As temperatures across Belgium begin to rise once again, those fortunate to have air conditioning in their offices or homes are enjoying a cool breeze. While these fortunate few may avoid the sweltering heat, are they increasing their risk of getting ill?
The culture relating to air-conditioning is much different in the East than it is here in the West. In much of Asia, the use of air conditioning is widespread and many people spend most of the year with their air conditioning units switched on. Here in Belgium, few homes have air conditioning and those that do turn them on less frequently.
Despite its widespread use across the world, there are some that insist that prolonged exposure to air conditioning makes them ill. And they may well be correct.
In Japan, the word “reiboubyou” is used to describe the general feeling of illness experienced from sitting underneath air-conditioning units. The range of symptoms of the so-called “air conditioning sickness” range from chills, swelling, fatigue, stiff shoulders, headache, neuralgia, back pain, cramp, diarrhoea, frequent urination, and more.
In the West, the mystery “Sick building syndrome” causes a whole range of similar symptoms, which some attribute to the way we heat and cool our post-war buildings. Air conditioning, it is believed, reduces the air quality of buildings and increases the chance of getting sick.
Sore throat and tickly nose
While conditions relating to air conditioning are often mysterious, what is known for sure, is that the cold air often dries out our surroundings, and can contribute towards dehydration and irritating our sinuses, increasing the chance of sniffles, sore throat, and dry eyes.
“When you are sitting in an air-conditioned room, you usually end up dehydrated. This is because the conditioner sucks out all of the humidity and leaves the room cold and dry. Due to the cold, you refrain from drinking water as well. As a result, you end up dehydrated,” medical site Doctor NDTV says.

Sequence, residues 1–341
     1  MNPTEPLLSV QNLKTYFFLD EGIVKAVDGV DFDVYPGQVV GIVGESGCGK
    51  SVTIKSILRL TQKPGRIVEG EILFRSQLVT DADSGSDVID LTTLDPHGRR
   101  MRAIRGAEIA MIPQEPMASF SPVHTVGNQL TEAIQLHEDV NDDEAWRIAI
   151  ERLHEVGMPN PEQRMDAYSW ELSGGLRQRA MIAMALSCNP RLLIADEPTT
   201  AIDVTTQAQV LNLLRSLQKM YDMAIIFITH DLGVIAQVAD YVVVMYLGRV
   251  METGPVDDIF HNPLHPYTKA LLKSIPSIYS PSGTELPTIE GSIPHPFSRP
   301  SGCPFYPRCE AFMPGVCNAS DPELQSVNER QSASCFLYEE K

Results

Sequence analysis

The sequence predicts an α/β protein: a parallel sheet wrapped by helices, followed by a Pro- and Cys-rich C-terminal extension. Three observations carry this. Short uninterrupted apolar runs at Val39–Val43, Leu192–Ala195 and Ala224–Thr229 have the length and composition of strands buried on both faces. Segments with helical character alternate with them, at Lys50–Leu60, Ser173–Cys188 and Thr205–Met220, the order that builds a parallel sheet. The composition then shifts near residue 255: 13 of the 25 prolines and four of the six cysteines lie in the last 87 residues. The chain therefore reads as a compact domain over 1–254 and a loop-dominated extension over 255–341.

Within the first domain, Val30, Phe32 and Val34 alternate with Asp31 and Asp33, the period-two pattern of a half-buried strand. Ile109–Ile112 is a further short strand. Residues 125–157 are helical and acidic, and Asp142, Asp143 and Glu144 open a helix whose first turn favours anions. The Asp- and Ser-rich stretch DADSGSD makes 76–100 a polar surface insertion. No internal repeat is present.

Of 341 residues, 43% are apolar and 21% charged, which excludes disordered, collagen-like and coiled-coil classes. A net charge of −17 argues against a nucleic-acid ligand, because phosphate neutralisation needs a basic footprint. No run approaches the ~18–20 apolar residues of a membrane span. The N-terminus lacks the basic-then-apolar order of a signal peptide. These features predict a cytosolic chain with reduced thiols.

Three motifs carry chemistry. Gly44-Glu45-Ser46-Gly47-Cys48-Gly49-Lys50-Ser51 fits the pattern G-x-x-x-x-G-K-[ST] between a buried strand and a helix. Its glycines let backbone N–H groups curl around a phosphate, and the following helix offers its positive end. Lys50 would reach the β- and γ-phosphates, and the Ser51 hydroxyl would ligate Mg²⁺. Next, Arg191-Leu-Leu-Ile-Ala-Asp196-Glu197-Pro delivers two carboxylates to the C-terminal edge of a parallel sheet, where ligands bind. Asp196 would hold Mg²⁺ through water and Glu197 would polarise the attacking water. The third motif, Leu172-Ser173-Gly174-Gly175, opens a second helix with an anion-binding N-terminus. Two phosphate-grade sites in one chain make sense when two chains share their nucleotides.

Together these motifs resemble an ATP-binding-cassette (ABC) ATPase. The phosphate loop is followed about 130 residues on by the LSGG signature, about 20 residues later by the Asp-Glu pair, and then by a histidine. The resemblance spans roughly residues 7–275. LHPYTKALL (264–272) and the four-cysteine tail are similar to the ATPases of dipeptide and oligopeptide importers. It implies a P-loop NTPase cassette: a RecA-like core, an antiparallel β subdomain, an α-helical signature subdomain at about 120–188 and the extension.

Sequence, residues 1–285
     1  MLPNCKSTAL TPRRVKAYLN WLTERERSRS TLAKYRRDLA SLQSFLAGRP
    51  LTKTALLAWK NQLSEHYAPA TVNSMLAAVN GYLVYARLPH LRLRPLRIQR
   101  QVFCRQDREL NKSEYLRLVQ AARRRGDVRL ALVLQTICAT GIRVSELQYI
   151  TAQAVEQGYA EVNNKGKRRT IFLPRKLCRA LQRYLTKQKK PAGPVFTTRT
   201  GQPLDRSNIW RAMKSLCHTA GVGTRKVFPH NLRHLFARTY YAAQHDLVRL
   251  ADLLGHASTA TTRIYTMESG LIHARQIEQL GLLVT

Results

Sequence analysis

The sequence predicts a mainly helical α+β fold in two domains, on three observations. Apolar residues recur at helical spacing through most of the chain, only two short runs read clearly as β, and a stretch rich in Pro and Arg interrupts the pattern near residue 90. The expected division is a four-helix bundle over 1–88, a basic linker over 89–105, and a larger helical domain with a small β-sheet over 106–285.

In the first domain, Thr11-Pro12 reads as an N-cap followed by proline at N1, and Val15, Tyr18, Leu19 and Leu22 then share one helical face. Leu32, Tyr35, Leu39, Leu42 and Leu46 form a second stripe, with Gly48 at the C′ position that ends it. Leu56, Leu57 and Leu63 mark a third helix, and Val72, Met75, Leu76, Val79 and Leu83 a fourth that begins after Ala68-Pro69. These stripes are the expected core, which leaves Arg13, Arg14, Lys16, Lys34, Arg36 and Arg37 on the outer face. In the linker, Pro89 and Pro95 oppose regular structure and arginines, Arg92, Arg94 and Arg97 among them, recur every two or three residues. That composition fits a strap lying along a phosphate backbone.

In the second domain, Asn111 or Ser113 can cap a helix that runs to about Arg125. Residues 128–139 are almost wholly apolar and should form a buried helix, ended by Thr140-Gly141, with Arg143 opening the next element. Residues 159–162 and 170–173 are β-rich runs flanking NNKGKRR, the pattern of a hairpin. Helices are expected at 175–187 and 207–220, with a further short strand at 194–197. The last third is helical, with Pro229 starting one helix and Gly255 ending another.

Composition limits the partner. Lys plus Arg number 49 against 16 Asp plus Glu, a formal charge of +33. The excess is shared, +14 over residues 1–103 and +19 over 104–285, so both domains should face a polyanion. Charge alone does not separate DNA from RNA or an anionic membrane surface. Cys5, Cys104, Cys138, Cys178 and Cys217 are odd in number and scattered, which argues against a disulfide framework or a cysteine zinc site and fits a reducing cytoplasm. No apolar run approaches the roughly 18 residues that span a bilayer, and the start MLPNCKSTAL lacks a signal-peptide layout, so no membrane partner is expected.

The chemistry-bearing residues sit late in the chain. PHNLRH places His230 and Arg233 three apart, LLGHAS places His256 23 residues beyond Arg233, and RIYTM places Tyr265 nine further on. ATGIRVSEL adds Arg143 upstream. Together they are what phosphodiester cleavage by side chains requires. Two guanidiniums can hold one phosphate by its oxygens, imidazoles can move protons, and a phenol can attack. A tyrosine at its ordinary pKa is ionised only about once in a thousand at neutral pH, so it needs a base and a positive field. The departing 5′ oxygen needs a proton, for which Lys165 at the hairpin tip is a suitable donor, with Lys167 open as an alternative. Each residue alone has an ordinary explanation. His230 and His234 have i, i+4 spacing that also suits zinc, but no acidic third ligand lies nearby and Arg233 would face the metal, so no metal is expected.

Also important is the cleanliness of air-conditioning systems. If the filters used on HVAC systems are dirty or not-well maintained, it can increase the chance of headaches and migraines.
A recent survey conducted by researchers from several American universities concluded that 38% of people working in unhealthy indoor air reported experiencing a headache one to three days per month, and 8% once a day.
Those sensitive to certain microbial allergens should also ensure that the filters of the air conditioning system are well maintained. If left uncleaned, the microbes and particulars can build up and lower the quality of the indoor air.
But it’s not all doom and gloom, and Belgians should refrain from tossing their air conditioning units from their windowsills-- there are also some health benefits to using air conditioning.
Firstly, air con units may help to boost your metabolism. A 2014 study conducted by researchers from the Virginia Commonwealth University in the U.S showed that cooler temperatures helped us burn unhealthy white fat and may help us to slim down.
Similarly, a 2018 study published by Harvard University showed that students living in dorms without air conditioning during hot summer months performed significantly worse on cognitive tests than those who had access to cool conditioned air.
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If used correctly, air conditioning can also drastically improve your quality of sleep. A study from the U.S National Sleep Foundation found that we get the best rest at around 18.3℃.
During the summer months, air conditioning can be the only way to achieve restful sleep. When using air conditioning at night, it is important to be especially hydrated, as sleeping under air conditioning contributes towards dehydration, which can throw us off kilter for the rest of the day.
Air conditioning is still an important tool for staying cool during the summers and illness can be avoided by following simple steps, such as ensuring that air conditioning units are regularly serviced, keeping aircon units on low, staying hydrated, and ensuring proper ventilation indoors.